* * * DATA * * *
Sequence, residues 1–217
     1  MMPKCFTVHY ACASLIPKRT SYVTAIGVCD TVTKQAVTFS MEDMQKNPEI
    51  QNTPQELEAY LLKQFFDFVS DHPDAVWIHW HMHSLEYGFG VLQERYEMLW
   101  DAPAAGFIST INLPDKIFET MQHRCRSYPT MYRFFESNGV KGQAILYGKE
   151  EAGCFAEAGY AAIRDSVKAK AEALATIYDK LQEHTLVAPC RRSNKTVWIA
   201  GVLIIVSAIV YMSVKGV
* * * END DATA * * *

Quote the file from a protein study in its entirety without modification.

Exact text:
Sequence, residues 1–217
     1  MMPKCFTVHY ACASLIPKRT SYVTAIGVCD TVTKQAVTFS MEDMQKNPEI
    51  QNTPQELEAY LLKQFFDFVS DHPDAVWIHW HMHSLEYGFG VLQERYEMLW
   101  DAPAAGFIST INLPDKIFET MQHRCRSYPT MYRFFESNGV KGQAILYGKE
   151  EAGCFAEAGY AAIRDSVKAK AEALATIYDK LQEHTLVAPC RRSNKTVWIA
   201  GVLIIVSAIV YMSVKGV